Hello, My name is Susanne and I love sewing! I've become somewhat of a creative blog addict, so I'm very excited to do this guest tutorial for my friend KJ.
I loved tiered skirts - my childhood was filled with them, and I was thrilled when I came across a pattern for my daughter and discovered how easy they are to make and how great they are for using up some of the smaller pieces in your fabric stash.
What you need is four long strips, each one longer and a bit wider than the previous one. I am going to demonstrate how to make a skirt sized 4-6, but later on I will give you the measures for a larger sized skirt.
Initial note about the waistbandFor a size 4 skirt there is no need to sew an additional waistband, just fold the waist down around a circle of elastic and stitch it, after sticthing the skirt together. However, for a size 6 skirt, which is what I'm making here, I add a piece of fabric and construct a waistband casing at the top of the waist and stitch it on to the back over the elastic. That way you don't lose any length. You can see in the photo below, how a strip of pink was added to the waistband to cover the elastic.
Cut two of each
The waist piece measures 4.5 x 13.5 inches (as explained above, for a size 6 skirt, you will need a back piece if using should be 3 by 13.5 inches or wide enough to cover your elastic plus seam allowance)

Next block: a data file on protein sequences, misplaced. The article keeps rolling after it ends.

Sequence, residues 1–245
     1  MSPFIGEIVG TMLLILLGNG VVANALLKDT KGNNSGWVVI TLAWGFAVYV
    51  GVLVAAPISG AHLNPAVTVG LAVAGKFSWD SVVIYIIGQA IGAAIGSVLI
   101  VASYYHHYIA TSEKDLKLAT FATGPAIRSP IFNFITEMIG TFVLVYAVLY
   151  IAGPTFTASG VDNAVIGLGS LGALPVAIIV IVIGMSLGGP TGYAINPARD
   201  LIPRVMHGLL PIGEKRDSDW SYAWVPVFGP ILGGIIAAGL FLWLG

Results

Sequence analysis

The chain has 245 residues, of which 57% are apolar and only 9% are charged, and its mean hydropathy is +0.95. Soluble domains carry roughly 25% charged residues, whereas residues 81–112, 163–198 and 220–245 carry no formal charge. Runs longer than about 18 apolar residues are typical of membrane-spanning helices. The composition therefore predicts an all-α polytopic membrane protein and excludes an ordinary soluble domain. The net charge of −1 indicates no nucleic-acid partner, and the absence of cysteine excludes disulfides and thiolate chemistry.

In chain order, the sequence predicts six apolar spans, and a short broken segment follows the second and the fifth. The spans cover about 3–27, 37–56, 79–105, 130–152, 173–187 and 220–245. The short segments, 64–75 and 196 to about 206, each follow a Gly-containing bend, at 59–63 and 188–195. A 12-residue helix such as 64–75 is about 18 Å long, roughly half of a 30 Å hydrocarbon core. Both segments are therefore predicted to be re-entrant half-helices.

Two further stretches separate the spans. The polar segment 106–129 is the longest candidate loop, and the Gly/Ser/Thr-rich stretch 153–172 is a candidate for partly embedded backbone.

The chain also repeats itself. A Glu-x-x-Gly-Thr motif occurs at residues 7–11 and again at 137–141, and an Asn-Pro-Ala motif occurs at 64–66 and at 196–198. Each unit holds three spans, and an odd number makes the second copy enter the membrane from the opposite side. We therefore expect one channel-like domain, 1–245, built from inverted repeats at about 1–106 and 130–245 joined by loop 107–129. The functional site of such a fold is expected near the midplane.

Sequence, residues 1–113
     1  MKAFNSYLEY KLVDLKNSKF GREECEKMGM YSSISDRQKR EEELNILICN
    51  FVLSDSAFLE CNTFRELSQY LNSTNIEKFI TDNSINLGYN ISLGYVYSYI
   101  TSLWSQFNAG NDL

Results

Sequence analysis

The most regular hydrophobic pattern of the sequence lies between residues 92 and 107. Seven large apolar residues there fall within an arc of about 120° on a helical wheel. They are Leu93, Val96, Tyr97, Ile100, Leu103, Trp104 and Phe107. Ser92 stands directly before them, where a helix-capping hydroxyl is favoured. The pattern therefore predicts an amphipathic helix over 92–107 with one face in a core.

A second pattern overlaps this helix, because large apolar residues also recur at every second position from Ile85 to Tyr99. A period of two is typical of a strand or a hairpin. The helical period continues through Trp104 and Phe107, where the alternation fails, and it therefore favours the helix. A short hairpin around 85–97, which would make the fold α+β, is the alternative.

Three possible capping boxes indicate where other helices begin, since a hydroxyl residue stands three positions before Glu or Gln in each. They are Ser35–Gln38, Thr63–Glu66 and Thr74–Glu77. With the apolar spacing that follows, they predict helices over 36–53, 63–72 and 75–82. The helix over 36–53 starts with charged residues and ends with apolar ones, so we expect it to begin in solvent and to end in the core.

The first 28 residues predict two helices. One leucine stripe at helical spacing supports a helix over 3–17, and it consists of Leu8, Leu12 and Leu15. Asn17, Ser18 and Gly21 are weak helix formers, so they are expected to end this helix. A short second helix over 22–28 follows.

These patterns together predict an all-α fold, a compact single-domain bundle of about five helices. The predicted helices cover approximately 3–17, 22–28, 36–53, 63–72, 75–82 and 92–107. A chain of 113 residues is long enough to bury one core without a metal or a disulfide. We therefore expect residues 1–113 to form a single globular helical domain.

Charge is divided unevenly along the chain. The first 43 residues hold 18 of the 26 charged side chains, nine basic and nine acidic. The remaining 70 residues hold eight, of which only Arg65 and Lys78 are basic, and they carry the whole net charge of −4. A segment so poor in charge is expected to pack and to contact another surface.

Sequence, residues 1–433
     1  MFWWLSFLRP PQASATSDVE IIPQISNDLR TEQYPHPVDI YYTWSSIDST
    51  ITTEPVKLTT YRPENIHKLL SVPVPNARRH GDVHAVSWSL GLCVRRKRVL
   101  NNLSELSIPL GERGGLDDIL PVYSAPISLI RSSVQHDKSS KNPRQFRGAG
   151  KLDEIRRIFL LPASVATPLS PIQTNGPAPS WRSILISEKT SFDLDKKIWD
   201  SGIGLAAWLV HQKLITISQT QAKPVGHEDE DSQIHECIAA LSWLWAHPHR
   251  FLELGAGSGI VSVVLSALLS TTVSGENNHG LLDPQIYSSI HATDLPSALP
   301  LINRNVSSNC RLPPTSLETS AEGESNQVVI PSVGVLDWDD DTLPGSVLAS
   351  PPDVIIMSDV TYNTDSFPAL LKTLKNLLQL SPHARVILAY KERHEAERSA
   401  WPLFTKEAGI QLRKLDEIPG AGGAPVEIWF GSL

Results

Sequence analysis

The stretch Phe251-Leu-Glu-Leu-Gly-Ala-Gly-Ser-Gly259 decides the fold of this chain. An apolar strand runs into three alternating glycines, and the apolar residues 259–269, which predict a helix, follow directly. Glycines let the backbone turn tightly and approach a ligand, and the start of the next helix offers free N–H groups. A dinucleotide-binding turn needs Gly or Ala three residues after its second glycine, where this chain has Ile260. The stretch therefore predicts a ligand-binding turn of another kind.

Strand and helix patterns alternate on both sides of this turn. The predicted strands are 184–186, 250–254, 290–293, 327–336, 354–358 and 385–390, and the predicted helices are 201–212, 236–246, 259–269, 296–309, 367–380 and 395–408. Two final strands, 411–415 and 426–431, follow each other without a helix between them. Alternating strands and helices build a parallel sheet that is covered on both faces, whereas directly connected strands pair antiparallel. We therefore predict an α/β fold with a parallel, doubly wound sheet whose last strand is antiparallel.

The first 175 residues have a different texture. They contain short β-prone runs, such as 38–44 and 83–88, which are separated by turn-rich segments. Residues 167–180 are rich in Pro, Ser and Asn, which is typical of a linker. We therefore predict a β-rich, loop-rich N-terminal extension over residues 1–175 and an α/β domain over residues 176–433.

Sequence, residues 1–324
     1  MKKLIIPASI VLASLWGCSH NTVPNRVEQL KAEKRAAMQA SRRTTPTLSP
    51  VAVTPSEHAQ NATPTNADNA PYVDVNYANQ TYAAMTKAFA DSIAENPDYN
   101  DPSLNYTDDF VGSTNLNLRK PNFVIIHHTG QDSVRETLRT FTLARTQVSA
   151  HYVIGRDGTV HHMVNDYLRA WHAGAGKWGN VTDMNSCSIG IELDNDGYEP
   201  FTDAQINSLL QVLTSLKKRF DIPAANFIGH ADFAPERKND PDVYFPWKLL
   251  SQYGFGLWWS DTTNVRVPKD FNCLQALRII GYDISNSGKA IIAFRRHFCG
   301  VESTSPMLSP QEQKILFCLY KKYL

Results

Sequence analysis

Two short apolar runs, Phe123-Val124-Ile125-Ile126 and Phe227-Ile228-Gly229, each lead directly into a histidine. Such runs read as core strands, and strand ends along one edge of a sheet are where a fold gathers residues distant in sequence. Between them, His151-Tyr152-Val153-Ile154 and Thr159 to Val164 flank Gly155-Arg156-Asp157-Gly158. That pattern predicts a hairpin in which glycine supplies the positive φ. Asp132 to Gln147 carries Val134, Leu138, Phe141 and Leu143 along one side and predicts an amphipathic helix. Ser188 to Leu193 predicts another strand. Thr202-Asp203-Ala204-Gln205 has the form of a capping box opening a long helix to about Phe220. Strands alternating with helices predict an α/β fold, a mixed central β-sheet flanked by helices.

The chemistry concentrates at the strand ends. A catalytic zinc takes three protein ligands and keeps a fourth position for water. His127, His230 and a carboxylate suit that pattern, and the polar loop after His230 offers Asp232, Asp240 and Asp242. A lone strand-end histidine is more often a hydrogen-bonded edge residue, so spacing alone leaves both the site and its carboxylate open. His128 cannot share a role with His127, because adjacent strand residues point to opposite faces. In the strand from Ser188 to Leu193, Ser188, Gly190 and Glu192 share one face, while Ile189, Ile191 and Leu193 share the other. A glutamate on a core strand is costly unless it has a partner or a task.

Cutting instructions without seam allowance
Tier 1: 5 x 20 inches
Tier 2: 5.5 x 27.5 inches
Tier 3: 6 x 45 inches
Please note that if you add a seam allowance to each tier, the finished shirt will be roughly 21 inches long, which is too long for my five year-old. So I forgo a seam allowance and then it fits.
Stitching the skirt
Start by stitching the back and front pieces for each individual tier together to make four long strips, then serge or zig-zag any fraying edges. If you do use a serger or if you're the type to make really clean zig-zagged edges, you can put the skirt together with those seems turned out - I'll show you some pictures later - it gives the skirt a bit more texture.
Next step is to use a gathering stitch on the top edge of each tier. My sewing machine has a standard setting for a straight stitch of 2.5mm and I increase that to at least 3.5mm for a gathering stitch - more if it's a thick fabric like denim. You run the stitch about a quarter inch from the edge and then pull on the bobbin thread to gather the fabric. You need to gather each tier enough to make it the same length as the piece that comes before it. Tier 1 gets attached to the waist and thus needs to be gathered to measure roughly 27 inches (2x13.5) minus the seam if you didn't add for that, tier 2 attaches to tier 1 and thus needs to be gathered to measure roughly 40 inches (2x20), etc. It's difficult to make it the excact length - when you attach it the gathering seem tends to move and shift a bit, but there's enough width in the skirt to allow for a bit to be trimmed off at the end.
Side Seams and Stitching the Waistband